Investors expect to be disappointed. Apple is set to release its latest set of results, and analysts have already pencilled in a fall in net income. Shares have dropped in advance of the earnings, but they are in any case down 30 per cent since September. Regardless of what the results say, I think the markets have got this one wrong.
So far it’s pretty predictable. Apple is an innovator. Its continued growth depends on it continuing to innovate. But in the world of smart phones, I think we have hit something of a barrier. Before the iPhone it was not difficult to imagine all the features that a phone might one day possess. In fact, you only needed to watch the then current James Bond film to get a view of the future of mobile phones. Then the iPhone was released, and things changed.
The truth is that what was considered a high tech piece of wizardry when Piers Brosnan was James Bond now looks old fashioned. The iPhone can now do so much, that it is actually quite hard to work out what is missing.
I am not saying it can’t be improved, of course it can, but we are now at the bit by bit stage of development in the smart phones business. A few years ago, we saw a massive leap, but now the changes are incremental.
Apple is good at leaps, but in the world of incremental changes it is just one of many. Samsung, HTC, Amazon are all eating into Apple’s slice of the pie. For what it’s worth I think the smart phone business has more growth in it, especially as prices fall a little and markets in the developed world really explode, but I would say the golden days of the smart phone growth are over for Apple.
The next big game changer in the smart phone business may be fold up screens, phones you can literally fold up and put in your back pocket, or in your wallet/purse. I have no idea whether Apple is likely to be a pioneer in that field.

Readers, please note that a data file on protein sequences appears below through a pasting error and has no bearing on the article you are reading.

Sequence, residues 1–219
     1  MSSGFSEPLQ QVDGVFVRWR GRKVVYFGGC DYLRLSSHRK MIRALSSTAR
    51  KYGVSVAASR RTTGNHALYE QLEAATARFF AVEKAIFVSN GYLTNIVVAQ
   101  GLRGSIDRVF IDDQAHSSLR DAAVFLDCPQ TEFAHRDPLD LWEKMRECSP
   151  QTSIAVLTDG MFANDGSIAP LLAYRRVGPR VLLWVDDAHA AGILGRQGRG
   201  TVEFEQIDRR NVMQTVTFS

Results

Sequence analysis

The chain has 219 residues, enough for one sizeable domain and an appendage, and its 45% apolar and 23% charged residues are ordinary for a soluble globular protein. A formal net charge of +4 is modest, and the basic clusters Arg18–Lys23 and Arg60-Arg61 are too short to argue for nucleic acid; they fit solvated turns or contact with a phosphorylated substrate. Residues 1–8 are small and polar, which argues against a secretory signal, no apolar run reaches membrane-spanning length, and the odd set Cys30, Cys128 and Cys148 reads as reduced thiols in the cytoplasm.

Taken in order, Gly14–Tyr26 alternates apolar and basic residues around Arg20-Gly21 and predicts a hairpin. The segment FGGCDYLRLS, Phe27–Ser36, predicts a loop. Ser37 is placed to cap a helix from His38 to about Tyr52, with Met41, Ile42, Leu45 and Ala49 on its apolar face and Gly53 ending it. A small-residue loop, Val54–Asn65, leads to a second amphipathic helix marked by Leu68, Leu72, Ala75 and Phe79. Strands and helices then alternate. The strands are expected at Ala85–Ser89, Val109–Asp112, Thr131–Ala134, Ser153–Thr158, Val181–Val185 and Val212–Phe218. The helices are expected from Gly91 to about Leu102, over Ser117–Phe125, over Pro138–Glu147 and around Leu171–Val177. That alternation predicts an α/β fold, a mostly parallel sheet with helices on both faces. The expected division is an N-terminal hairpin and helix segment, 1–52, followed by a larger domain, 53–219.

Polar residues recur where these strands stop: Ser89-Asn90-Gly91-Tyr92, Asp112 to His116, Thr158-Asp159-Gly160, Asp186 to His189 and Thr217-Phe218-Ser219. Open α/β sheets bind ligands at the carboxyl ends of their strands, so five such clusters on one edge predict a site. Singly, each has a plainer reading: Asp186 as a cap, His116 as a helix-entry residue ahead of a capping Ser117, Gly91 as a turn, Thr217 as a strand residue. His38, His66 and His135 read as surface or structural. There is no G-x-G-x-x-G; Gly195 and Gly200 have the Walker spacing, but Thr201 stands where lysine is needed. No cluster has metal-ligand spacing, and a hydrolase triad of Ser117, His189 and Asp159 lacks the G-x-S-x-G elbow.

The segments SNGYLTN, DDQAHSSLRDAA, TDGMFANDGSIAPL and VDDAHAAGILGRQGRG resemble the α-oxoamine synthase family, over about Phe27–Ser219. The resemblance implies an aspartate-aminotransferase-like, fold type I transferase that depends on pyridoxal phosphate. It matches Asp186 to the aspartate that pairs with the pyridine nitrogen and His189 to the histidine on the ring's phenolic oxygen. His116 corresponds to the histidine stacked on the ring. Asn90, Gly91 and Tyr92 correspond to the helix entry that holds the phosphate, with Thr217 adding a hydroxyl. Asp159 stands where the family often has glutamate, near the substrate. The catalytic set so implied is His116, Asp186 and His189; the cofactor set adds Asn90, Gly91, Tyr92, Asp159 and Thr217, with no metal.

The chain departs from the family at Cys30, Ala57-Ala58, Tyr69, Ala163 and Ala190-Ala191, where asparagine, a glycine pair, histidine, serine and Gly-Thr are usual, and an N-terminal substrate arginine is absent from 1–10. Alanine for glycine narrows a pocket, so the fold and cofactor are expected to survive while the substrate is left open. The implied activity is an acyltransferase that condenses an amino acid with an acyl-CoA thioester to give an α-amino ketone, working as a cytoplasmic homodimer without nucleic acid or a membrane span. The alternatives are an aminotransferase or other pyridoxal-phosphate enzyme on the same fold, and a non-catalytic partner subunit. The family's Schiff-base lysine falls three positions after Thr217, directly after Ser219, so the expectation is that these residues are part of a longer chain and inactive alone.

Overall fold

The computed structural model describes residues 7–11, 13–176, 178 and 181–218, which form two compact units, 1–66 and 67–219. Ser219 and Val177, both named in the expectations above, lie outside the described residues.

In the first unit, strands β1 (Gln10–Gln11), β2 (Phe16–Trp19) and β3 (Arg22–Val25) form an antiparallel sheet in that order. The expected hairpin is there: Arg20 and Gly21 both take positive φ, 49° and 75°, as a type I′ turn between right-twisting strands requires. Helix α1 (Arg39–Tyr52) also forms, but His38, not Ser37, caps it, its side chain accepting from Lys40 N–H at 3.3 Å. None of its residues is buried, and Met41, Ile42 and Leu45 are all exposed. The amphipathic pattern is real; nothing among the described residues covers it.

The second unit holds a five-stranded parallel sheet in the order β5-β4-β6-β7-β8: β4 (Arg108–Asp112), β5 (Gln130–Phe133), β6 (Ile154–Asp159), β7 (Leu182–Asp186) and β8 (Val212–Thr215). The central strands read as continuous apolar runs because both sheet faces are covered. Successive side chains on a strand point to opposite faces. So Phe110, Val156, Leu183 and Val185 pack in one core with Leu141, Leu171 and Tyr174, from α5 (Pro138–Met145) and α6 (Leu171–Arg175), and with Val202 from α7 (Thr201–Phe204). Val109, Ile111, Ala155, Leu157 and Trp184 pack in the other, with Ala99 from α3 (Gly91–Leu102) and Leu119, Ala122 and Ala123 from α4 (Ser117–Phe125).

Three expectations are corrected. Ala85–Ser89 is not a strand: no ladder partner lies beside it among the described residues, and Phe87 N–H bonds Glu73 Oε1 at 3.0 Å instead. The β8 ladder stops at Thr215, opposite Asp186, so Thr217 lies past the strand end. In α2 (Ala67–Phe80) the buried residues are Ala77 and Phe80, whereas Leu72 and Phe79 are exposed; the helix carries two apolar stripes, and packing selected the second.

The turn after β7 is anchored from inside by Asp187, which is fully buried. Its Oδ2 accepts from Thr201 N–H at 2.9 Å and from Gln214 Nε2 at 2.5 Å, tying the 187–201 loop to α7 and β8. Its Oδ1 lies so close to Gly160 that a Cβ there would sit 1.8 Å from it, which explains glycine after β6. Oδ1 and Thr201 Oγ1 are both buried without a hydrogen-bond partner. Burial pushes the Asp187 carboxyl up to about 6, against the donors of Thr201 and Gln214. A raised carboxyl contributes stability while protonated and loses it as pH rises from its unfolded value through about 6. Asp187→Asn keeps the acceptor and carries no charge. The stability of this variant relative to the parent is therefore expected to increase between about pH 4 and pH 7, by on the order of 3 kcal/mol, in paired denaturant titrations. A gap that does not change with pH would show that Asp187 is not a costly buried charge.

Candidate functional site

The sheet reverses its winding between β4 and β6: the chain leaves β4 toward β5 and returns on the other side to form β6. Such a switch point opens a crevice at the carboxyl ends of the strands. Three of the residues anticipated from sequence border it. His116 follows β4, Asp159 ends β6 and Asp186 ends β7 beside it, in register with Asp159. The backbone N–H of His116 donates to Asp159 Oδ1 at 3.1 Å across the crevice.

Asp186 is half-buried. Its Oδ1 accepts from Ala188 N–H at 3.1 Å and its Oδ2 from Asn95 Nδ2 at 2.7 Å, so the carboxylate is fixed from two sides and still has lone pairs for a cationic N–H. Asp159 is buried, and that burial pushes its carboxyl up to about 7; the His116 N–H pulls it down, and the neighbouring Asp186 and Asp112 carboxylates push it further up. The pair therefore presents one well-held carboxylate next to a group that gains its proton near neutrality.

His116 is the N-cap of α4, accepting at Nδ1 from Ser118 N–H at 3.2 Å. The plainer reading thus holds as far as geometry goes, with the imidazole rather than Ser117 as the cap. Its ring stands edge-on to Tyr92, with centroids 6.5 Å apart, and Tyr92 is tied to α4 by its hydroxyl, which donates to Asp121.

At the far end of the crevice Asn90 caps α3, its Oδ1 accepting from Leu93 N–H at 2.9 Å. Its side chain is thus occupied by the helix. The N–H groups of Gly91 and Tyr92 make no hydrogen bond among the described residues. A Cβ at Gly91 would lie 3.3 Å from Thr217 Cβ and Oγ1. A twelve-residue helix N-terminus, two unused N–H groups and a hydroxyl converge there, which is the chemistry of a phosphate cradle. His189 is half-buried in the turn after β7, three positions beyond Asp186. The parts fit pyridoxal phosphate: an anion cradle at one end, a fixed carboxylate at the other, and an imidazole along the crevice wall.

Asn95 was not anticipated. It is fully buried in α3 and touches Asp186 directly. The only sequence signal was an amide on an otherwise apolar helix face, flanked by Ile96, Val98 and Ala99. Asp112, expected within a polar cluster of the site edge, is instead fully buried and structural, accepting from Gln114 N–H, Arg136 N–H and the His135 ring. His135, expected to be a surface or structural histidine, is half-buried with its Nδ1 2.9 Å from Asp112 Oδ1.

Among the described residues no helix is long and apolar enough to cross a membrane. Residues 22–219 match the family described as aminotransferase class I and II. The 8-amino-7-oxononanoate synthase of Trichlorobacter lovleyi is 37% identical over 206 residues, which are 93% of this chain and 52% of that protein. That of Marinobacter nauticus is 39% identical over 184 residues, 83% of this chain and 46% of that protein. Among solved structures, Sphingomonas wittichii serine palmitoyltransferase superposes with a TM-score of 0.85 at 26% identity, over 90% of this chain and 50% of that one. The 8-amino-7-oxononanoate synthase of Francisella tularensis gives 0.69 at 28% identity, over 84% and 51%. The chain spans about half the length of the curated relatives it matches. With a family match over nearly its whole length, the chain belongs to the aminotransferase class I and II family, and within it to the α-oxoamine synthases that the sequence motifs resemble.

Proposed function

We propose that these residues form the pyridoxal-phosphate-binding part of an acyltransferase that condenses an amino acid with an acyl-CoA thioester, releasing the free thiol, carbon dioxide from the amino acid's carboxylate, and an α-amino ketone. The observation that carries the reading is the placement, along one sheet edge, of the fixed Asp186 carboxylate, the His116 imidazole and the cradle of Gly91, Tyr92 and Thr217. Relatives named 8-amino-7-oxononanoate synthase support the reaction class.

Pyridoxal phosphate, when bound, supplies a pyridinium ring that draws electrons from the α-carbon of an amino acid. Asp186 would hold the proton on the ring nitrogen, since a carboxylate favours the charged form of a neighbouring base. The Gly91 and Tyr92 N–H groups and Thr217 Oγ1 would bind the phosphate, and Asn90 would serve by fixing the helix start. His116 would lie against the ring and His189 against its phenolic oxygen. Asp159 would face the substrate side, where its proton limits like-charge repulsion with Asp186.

The iPad may represent a better opportunity. I think the markets are underestimating the rate at which the tablet market is set to grow. But, just as is the case with smart phones, we are past the big innovation stage. We are into incremental changes. Apple is one player among many.
For me, Internet TV is far more interesting. I can see how, with the right product, this may be subject to the kind of growth we have seen in smart phones.
An innovation that got me thinking is the download feature on BBCi Player. Have you tried it out yet? Rather than stream a TV show, you download it, and watch it when you are ready. You can watch it on the train, you can watch it whenever you like. You don’t need to be on the Internet. And since the video has been downloaded, there is no buffering. As ever ITV and Channel Four are way behind the game, and have not yet introduced a download feature. I guess it is just a matter of time.
But I can see how such a feature can benefit an Internet TV.
I see the Internet TV initially replacing the need for digital boxes such as TIVOs. But beyond that they will grow rapidly in popularity. All we need for the Internet TV revolution is the right design, the right hardware, and software applications.
Now cast your mind back to last May, when Jonathan Ive (Apple’s design heavyweight) was in the UK collecting his knighthood. He said: “A lot does seem to come back to the fact that what we’re working on now feels like the most important and the best work we’ve done, and so it would be what we’re working on right now, which of course I can’t tell you about.”
At the time of writing the Apple share price is $500.00 exactly (what are the chances of that?), market cap is $470 billion. At the end of last year, I predicted Apple’s market cap will touch one trillion dollars later this year, and I have not changed my mind.
These views and comments are those of the author alone and do not necessarily reflect the view of The Share Centre, its officers and employees